Throughout Illinois, there are a great many activities for people under 21 to take part in. Since college has restarted and the sporting event schedule – college and pro – is full and in the coming months is set to grow, there is an irresistible temptation for young people to head out and enjoy themselves. Part of that might include drinking underage. Some may get behind the wheel of an automobile after they have been indulging in alcohol. Those who believe they can do this without facing consequences are often mistaken. Law enforcement is vigilant about pursuing alleged DUI cases and there are specific penalties assessed to people under 21 if they are convicted. Because the consequences can hinder their future, it is imperative to understand the charges and to forge a viable defense.
What is Zero Tolerance in Illinois?
It is against the law for anyone under 21 to have even a trace of alcohol in their system. This is part of the Zero Tolerance Law. Simply being behind the wheel with even a minuscule amount of alcohol in the system will result in a 21-year-old’s driving privileges being suspended. This is entirely separate from the normal DUI laws in which a driver generally must register a blood alcohol concentration of 0.08 for a DUI charge. When an officer stops an underage person for any reason, a request can be made for a chemical test if there is a reasonable belief that the driver was drinking. If alcohol is found, the license is immediately suspended.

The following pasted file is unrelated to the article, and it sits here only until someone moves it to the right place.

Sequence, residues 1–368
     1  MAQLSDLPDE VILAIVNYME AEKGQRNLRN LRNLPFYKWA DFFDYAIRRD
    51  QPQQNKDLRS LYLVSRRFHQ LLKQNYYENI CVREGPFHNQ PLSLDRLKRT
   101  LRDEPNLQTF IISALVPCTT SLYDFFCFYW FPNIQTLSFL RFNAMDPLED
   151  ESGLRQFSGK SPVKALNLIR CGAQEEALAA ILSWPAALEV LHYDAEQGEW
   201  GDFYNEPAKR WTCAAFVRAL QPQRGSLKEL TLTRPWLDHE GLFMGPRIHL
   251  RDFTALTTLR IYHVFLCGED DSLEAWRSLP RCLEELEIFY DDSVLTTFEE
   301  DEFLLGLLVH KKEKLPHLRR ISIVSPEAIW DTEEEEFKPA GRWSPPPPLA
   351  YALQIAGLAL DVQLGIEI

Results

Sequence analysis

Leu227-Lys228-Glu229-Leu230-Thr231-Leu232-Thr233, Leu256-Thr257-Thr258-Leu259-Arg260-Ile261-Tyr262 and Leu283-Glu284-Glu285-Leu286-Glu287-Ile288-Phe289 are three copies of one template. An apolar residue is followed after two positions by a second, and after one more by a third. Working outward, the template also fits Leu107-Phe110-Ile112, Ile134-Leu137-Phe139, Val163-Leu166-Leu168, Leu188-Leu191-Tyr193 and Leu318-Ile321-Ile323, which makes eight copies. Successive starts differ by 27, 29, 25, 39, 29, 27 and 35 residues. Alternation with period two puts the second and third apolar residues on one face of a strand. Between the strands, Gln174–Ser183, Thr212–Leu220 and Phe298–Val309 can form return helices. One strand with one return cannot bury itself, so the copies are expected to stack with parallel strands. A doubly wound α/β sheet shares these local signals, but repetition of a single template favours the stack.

With Zero Tolerance, a conviction will have even harsher penalties. The driver’s license can be suspended for at least two years. To get the driver’s license back, the underage driver must compete a remedial education program to be allowed to drive. The officer can charge the underage driver with both Zero Tolerance and DUI, based on the investigation. For a first offense, there will be a three-month driver’s license suspension if the BAC is above zero. A second offense will result in a yearlong suspension. In some instances, the underage driver might function under the mistaken impression that he or she has the right to refuse a test when requested to submit to one. That is not the truth and can result in a six-month suspension for the first violation and a two-year suspension for a second violation. A first-offense DUI conviction can result in a two-year revocation of driving privileges. A second conviction can result in a five-year revocation.
Fighting Zero Tolerance charges is important for the future
People who have a Zero Tolerance DUI charge against them will not only face the potential penalties detailed here, but it can have a negative impact on their entire future. It is natural for younger people to act first and think about problems later. Many might make the mistake of committing an alcohol violation and be charged under Zero Tolerance. If this happens, it is important to understand that they have rights. These charges can be questioned if, for example, there was an issue with the investigation or the testing procedures were flawed. Having assistance from the beginning is a vital step that can address these charges and help with seeking a positive result.